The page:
Combing data from both organisations, we are able to track the waves of disruption, initially in the small business lending sector, and more widely across financial services later.

We continue to see a rise in penetration of mobile devices, rising service expectation, and more interest in accessing alternative finance solutions.

Read more on the Disruption Index Site.

Measuring Disruption in Small Business Lending

Launched today, the Financial Services Disruption Index, which has been jointly developed by Moula, the lender to the small business sector; and research and consulting firm Digital Finance Analytics (DFA) shows that Financial Services are undergoing disruptive change, thanks to customers moving to digital channels, the emergence of new business models, and changing competitive landscapes. Combing data from both organisations, we are able to track the waves of disruption, initially in the small business lending sector, and more widely across financial services later.

The index tracks a number of dimensions. From the DFA Small business surveys (26,000 each year), we measure SME service expectations for unsecured lending, their awareness of non-traditional funding options, their use of smart devices, their willingness to share electronic data in return for credit, and overall business confidence of those who are borrowing relative to those who are not.

Moula data includes SME conversion data, the type of data SMEs share, the average loan amount approved, application credit enquiries, and speed of application processing.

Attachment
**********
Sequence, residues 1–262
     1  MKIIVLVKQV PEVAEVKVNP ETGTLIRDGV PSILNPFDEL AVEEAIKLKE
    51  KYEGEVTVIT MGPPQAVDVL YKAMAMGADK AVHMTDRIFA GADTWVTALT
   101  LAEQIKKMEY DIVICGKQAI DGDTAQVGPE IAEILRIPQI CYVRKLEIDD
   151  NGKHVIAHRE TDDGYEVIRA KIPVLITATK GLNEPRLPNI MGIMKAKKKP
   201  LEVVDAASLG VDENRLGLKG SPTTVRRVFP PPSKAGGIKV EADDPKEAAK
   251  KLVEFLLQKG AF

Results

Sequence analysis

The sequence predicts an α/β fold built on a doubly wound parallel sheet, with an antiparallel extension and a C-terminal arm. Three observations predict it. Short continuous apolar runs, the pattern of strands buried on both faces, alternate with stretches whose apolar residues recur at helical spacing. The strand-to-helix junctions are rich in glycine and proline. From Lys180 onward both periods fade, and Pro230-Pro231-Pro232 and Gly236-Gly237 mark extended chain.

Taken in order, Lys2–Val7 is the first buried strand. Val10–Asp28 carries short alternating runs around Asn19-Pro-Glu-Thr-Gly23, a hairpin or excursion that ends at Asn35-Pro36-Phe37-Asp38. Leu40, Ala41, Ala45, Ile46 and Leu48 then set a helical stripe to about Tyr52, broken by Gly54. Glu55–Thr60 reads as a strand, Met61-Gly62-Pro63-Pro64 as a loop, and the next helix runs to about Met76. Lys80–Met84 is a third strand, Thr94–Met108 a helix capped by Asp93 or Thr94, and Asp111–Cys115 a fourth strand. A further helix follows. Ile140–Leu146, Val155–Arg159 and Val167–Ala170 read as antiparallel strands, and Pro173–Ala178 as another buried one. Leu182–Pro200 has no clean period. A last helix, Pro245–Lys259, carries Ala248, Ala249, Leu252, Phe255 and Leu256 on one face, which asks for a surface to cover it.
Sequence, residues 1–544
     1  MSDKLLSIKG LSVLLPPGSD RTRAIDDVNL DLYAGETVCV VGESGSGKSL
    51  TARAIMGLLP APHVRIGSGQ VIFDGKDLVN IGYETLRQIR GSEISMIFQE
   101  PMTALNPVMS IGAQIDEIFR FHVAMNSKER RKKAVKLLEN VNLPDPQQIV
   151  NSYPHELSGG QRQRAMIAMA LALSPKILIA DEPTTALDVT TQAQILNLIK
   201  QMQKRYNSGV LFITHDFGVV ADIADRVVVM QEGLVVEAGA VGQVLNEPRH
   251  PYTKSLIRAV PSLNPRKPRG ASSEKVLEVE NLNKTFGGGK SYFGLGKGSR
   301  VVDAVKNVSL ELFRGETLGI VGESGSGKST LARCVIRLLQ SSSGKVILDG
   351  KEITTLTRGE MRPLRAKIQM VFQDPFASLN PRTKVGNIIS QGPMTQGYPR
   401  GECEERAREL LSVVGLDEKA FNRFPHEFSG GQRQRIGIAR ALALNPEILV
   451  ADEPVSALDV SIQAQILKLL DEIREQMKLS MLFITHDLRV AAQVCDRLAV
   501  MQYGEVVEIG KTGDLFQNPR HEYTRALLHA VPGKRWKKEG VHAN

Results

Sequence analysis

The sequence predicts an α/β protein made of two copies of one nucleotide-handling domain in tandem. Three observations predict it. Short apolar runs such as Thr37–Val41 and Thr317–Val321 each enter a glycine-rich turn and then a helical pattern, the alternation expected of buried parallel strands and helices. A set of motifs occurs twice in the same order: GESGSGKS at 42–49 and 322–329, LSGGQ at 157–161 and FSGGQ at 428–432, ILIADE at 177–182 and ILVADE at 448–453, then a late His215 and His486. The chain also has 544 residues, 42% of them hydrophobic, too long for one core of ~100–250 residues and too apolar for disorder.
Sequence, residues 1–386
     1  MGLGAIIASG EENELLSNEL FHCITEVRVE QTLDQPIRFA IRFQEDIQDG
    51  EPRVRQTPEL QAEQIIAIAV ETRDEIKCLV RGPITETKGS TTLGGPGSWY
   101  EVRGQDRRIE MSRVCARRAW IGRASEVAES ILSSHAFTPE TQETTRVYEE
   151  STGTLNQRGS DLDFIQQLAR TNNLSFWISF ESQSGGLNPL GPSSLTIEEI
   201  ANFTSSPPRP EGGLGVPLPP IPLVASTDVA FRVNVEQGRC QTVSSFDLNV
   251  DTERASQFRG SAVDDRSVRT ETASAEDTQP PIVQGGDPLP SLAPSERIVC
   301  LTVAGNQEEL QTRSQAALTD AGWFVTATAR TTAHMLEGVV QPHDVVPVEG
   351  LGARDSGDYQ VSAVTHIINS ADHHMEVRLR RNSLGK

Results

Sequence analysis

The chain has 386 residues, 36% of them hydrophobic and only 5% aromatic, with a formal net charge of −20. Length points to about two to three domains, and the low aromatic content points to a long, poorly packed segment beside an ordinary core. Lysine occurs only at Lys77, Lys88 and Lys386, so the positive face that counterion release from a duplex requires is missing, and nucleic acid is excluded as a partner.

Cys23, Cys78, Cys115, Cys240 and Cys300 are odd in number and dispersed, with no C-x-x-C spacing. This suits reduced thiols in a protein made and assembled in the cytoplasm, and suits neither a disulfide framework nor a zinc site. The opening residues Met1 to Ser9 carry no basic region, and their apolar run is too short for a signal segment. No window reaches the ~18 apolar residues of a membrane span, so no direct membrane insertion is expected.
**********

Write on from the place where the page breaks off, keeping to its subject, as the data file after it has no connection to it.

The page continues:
The index stood at 33.02 from May to July 2015, and rose to 33.94 in the August to October period. The higher the score, the greater the disruption. Of note SMEs are becoming more aware of non-traditional unsecured lending options, are becoming more demanding in terms of application processing times, are more willing to share data and are more likely to apply using a smart device. In addition, the loan values being written are rising, more businesses are willing to share richer data, and the confidence levels among borrowing SMEs is on the rise.

Overall, unsecured lending to the SME sector is being disrupted significantly, and we expect the index will continue to trend higher, as awareness of alternatives to traditional banking continues to rise, and more firms apply for credit.

  1. The average expectation duration was down from 9.2 days in Q3 2015 to 7.5 days this quarter. SMEs continue to expect better service standards when applying for credit. Whilst they accept it may take a few days for an application to be processed, the survey data shows that many think a week should be enough to complete an unsecured loan and get money into their account, and they expect to receive regular progress reports and updates on the way through.
  2. We see a rise in awareness among SMEs of the availability of alternative credit solutions and greater familiarly with the tag “Fintech”. This month 3.75% of businesses recognised the concept, up from 2.74% last month, and momentum is increasing.
  3. More business owners are using smart devices to run their business. They expect access to a wider range of services this way, and more immediate responses. Last quarter 42.6% of businesses used a smart device, this time it was 44.6%, and the rate of adoption is increasing.

The index is featured in an SMH MySmallBusiness article today.